Bookmarked Artificial intelligence in Schools: An Ethical Storm is Brewing (EduResearch Matters)

We want to avoid teachers and students using AI-systems that ‘feel more and more like magic’ and where educators are unable to explain why a machine made a decision that it did in relation to student learning. The very basis of education is being able to make ‘fair calls’ and to transparently explain educational action and, importantly, to be accountable for these decisions.

Erica Southgate discusses a new report and project produced for the Australian Government Department of Education to support the analysis of artificial intelligence in education. It touches on some of the concerns around AI, including:

  • Bias
  • Black box nature
  • Digital human rights issues
  • Deep fakes
  • The potential for a lack of independent advice for educational leaders

 

Bookmarked Audiobooks or Reading? To Our Brains, It Doesn’t Matter – D-brief (D-brief)

The most recent study, which compared brains when they were listening and reading, showed that words tend to activate the same brain regions with the same intensity, regardless of input.

It was a finding that surprised Fatma Deniz, a postdoctoral researcher at the Gallant Lab and lead author of the study. The subject’s brains were creating meaning from the words in the same way, regardless if they were listening or reading. In fact, the brain maps for both auditory and visual input they created from the data looked nearly identical.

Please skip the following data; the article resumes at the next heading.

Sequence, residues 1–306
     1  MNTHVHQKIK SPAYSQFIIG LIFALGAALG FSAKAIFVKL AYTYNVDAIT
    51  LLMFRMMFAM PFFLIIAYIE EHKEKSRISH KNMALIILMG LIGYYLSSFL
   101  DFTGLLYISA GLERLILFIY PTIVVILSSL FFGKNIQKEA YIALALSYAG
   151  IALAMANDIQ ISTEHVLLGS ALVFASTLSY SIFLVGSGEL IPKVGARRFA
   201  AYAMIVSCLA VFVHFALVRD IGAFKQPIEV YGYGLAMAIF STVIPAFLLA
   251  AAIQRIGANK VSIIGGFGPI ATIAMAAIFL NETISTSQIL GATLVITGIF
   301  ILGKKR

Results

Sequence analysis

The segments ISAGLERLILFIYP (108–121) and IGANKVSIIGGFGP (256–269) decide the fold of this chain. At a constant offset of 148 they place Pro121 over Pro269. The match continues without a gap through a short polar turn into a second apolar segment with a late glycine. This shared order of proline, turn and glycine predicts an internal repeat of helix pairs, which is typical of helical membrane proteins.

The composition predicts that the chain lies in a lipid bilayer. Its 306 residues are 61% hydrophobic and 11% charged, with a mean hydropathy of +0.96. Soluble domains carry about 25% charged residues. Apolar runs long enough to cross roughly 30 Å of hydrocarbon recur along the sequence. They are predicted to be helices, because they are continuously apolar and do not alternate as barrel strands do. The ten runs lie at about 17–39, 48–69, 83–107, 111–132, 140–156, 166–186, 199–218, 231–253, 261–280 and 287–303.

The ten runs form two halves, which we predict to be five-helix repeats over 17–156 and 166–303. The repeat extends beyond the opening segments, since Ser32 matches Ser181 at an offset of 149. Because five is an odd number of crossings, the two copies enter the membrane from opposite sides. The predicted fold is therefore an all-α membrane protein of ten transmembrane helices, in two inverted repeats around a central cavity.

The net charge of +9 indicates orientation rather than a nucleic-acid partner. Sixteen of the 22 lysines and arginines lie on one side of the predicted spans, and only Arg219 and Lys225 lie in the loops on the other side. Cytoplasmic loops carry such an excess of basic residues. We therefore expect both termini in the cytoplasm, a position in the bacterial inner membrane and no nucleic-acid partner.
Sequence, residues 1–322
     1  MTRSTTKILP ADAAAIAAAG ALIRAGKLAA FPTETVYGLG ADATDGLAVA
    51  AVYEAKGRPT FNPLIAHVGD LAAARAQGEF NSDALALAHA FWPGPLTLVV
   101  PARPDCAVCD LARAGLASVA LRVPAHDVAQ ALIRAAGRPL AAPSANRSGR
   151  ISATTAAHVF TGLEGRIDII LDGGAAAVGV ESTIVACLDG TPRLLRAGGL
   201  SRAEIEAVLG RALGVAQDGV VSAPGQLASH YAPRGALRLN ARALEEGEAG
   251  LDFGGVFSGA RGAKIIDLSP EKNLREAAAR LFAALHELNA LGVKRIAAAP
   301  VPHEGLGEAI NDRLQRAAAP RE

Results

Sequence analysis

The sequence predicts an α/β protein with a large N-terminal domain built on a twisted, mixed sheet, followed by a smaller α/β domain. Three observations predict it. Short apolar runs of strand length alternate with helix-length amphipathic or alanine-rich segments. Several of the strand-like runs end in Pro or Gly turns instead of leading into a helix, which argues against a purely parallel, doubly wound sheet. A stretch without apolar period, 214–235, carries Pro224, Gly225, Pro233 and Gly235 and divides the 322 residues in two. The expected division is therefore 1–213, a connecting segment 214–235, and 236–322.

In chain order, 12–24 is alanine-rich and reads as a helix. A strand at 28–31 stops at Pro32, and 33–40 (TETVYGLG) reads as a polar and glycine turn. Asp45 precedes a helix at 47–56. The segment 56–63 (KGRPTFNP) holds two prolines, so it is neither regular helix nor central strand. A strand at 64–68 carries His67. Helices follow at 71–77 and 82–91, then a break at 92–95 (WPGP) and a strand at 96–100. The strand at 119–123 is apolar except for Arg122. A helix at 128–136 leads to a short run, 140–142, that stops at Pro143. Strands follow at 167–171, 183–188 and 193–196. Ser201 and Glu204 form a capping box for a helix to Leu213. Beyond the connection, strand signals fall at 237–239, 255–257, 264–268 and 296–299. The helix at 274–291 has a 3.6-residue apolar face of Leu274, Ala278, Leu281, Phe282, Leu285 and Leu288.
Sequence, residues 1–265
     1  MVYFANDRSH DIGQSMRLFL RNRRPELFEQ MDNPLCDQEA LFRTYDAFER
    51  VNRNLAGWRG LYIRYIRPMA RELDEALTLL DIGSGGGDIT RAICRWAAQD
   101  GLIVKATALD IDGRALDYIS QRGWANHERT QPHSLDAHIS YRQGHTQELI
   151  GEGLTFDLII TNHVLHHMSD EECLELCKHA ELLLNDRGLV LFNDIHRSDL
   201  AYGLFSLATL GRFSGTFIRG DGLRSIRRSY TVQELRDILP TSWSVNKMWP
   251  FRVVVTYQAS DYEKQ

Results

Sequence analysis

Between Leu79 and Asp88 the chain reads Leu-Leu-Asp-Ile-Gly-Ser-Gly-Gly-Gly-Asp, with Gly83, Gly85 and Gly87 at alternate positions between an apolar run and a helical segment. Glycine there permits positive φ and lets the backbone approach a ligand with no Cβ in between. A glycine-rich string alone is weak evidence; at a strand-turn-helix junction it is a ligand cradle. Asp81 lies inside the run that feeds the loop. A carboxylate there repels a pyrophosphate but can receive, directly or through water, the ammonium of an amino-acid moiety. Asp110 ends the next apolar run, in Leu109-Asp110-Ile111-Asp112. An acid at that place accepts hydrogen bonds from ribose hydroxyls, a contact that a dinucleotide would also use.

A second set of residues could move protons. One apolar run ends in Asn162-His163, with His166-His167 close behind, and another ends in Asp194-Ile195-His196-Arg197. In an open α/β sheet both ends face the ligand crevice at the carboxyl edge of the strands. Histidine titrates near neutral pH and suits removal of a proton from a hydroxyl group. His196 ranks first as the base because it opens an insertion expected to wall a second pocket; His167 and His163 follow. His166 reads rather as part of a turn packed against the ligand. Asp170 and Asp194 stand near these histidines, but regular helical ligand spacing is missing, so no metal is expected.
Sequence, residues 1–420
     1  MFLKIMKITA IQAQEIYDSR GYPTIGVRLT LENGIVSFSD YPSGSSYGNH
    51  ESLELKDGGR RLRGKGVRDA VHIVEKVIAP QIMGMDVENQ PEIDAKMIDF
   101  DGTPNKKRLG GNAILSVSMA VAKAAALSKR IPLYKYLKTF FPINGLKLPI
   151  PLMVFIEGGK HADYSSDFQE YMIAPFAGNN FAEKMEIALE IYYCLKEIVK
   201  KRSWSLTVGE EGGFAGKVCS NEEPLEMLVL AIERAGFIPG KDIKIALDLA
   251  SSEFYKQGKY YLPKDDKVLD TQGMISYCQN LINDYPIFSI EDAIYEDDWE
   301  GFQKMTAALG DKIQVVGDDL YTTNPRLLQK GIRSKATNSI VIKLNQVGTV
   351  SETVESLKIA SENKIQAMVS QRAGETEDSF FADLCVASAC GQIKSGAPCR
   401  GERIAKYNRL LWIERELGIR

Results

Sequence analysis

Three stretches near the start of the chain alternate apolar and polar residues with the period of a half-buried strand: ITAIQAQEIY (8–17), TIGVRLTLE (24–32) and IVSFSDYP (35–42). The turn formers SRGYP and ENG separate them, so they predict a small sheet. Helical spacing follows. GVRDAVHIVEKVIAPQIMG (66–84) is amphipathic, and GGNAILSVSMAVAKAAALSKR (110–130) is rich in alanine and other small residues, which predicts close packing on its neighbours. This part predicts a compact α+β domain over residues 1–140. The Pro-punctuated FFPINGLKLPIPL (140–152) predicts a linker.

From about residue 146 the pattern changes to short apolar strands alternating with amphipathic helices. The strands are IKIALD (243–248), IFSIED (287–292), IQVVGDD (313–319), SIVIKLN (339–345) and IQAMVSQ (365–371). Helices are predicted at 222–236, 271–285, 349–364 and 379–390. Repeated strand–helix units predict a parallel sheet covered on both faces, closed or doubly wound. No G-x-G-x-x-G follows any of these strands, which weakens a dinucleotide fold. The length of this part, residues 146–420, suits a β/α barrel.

Jennifer Walter finds that listening to a book is just as productive as reading a book. I wonder if what matters more is the context of reading or listening more than the mode itself? Stephen Downes suggests that much of the finding in this report are left to interpretation.

via Ian O’Byrne

Liked Why Joi Ito needs to resign | The Tech (The Tech)

MIT’s president, L. Rafael Reif, recently released an apology for the Institution’s ties to Epstein. I’m happy that the Institution acknowledges its role in the scandal. However, I find it ironic that the Institution took money that hurt these women, and their response is to throw money back. Money to non-profits is useful, but what will truly make change is a change of leadership and a strict precedent set for this to never happen again. Taking money from Epstein once is a mistake. Taking it over many years is not.

Bookmarked Time to Rejoin Tumblr? Thoughts on a Social Media “Reunion Tour” (Tedium: The Dull Side of the Internet.)

Five social networks that offer ripe opportunities for a “reunion tour” of your own